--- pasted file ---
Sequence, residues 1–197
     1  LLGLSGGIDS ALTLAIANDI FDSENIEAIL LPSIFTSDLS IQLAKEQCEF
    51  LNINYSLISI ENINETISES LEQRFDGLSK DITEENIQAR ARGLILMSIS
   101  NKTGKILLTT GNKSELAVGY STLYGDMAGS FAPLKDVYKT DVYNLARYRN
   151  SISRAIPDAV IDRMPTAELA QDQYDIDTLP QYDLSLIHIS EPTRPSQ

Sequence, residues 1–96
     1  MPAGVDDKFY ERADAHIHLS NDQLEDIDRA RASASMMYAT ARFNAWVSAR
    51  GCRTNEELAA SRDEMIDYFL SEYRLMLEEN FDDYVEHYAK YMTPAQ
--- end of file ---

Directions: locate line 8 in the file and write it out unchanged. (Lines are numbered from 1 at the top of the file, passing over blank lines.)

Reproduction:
    51  GCRTNEELAA SRDEMIDYFL SEYRLMLEEN FDDYVEHYAK YMTPAQ